In addition to these, I cover East Gull Lake, Emily, and Jenkins city councils using their minutes and draft minutes.

All of these councils have their very own issues, often very different. They share some of the same jargon, issues and abbreviations that would be nonsense to the uninitiated. TIFs, ERCs, Oxford Oaks, Artisan’s Corner, these phrases all come out at a city council meeting in rapid succession.

Slow Down!

Unless you were there the very first time that they ever came up for your specific council, chances are you missed the first and last time they will ever be defined. Luckily for your council members, they have documents defining these phrases, but to save paper, they rarely print enough copies for the audience.

At the council meetings I am able to attend, I am pretty familiar with the goings on. When the Pine River council members start speaking in code and ask “How’s that Oxford Oaks thing coming along?” Pretty nonspecific right?

I understand entirely.

What seems like code is perfectly understandable to me. I understand that Oxford Oaks is an area with a cul-de-sac. One man has purchased property and wants to run city electric and water to his property here. One man owns the property along the route, meaning the other man required an easement, but the other man refused to respond to correspondence. So, instead of saying. “How’s that land dispute where the one guy refuses to tell the other guy if he can have sewer and electric through his property that he is trying to develop and add new buildings to?” they say, “How’s that Oxford Oaks thing going?”

To someone who does not regularly attend, it might seem like these city council members are being evasive and hiding some sinister plans behind code. Alas, more often than not they are talking about something pretty boring. However, I still need to investigate whenever this code appears in council minute drafts. Here’s an excerpt from a recent council draft minutes. “made the motion to direct the city attorney to execute civil enforcement in the Weber and Winter violations.” Sounds juicy doesn’t it? Well, it’s all about poo.

That’s right, that long complex issue is all to say “Asked the attorney to start the legal process to get two property owners to follow city ordinances pertaining to septic tanks.”  Yup. That’s it.

I can’t tell you how often it is that I research something ambiguous from a city council meeting only to find that it is something utterly boring, no matter how it sounded when they talk about it. Worse yet is how often it turns out to be about poo. Admittedly, all the really lively councils are covered by my fellow writers at the paper. I’m pretty spoiled.

The biggest issue is that these things take time to figure out. If you are present at the city council meeting, you can easily just wait around and say “Hey, what is that?” When it is from a copy of the minutes, that’s a different story. Sometimes the clerk is in, sometimes not. The last of these is the worst, because trying to write a story without knowing the code can be like diffusing a bomb made up of frustrated and disappointed city officials, residents and editors. And that’s never a pretty site.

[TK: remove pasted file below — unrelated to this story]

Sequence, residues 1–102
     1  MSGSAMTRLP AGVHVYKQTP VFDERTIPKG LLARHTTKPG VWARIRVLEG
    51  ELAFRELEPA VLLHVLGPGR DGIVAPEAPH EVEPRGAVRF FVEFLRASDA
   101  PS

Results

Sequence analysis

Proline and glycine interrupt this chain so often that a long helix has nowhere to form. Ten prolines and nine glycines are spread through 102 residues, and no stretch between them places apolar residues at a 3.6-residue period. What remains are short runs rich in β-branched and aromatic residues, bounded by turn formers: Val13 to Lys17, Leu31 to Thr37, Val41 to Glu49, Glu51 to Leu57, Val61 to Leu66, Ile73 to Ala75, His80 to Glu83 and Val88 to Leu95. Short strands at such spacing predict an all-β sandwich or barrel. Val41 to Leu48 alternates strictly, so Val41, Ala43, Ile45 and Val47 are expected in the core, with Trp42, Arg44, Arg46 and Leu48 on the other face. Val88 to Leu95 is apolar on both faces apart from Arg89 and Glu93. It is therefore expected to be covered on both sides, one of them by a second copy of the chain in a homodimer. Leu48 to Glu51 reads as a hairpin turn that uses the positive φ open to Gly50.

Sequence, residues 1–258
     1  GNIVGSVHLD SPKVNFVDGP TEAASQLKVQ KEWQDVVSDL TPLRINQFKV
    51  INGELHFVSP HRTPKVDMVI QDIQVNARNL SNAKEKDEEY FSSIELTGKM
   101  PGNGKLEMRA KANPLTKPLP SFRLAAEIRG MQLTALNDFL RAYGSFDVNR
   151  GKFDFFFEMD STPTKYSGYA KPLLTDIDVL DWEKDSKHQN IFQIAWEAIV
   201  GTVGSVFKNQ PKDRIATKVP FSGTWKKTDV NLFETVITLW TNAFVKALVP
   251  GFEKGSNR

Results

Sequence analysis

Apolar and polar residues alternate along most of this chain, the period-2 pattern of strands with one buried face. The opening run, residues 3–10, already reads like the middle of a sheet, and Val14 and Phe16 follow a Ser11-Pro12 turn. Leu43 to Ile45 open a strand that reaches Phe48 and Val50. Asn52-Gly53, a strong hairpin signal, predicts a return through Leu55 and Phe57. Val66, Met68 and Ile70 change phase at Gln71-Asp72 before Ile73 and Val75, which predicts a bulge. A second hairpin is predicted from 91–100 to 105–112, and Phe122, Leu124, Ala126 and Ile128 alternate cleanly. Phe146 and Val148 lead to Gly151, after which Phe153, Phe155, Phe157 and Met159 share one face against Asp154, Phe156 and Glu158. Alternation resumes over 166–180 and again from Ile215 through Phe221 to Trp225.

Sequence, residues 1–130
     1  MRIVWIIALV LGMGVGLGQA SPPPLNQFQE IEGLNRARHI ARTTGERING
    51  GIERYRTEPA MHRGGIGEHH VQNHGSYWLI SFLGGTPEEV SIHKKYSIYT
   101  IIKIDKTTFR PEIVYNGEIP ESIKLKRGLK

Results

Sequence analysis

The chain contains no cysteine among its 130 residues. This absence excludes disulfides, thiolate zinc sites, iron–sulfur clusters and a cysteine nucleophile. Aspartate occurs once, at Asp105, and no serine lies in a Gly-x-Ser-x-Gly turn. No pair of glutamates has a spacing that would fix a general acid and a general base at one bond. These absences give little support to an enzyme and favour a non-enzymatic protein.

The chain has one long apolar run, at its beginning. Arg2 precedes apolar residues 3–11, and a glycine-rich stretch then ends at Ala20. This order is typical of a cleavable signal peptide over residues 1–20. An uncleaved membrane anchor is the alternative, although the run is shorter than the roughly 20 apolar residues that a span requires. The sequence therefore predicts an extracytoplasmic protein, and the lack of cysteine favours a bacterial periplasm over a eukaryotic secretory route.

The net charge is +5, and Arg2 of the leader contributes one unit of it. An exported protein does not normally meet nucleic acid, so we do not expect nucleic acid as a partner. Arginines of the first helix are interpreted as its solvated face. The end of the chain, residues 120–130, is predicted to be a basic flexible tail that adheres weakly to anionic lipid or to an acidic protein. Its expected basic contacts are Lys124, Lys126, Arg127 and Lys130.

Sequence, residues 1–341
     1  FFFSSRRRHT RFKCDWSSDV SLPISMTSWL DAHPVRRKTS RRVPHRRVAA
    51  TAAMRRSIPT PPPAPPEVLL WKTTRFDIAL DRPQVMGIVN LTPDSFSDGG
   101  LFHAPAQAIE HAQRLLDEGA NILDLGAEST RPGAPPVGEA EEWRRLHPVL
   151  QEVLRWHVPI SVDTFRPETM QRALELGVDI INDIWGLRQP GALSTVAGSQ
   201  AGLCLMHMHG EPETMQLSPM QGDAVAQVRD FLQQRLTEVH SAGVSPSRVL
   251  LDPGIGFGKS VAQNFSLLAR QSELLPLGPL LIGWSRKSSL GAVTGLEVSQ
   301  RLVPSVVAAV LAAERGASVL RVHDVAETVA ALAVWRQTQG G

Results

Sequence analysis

I can be a story tease

It happens occasionally that you find a story in your local community which you consider very important. Others would likely agree. You get so excited as you prepare for interviews, photos, etc.

You post a teaser on facebook, something like “Just caught wind of a possible development in Pine River that could be pretty big. Watch next week’s @PAL_EchoJournal for details.” on twitter.

You get comments from people who want to know more. You are getting more and more excited to tell the story but then… something happens and the story is delayed, possibly weeks. Possibly months. It’s official. you are a story tease.

Recently that happened to me. We were tipped off to a story which sounded promising for our little town. After all, new business in Pine River is always big news. I called one source from our tipster and he immediately answered.

He gave me confirmation of the tip we received and then some. He gave me enough information to get very excited.

“We’re already speaking with (such and such business),” he says.

I could almost write a news brief from that alone, but I don’t dare. It’s not a complete story. So I set up an interview. My subject says he wants his partner-in-crime at the interview with him. I hang up the phone and try calling said PIC and get nothing but a voicemail message.

In the meantime I post the tweet I mentioned above. A local resident and Pine River Mayoral candidate asks “Something good?”

A friend who used to work with the paper follows up with “Any Clues?”

Of course, I could tell them everything I know if I wanted, but then why would they bother reading the article, and by the time the newspaper gets out, the story will already be old news. I refrain from giving any clues.

The next day I call my second source again. He answers and tells me that there is not yet enough information, they would like to wait on a news story. The man I scheduled an appointment with in about half an hour agrees. The interview is cancelled. I go, in shame to my facebook and twitter and inform my readers, “You will have to wait a few weeks, maybe more.”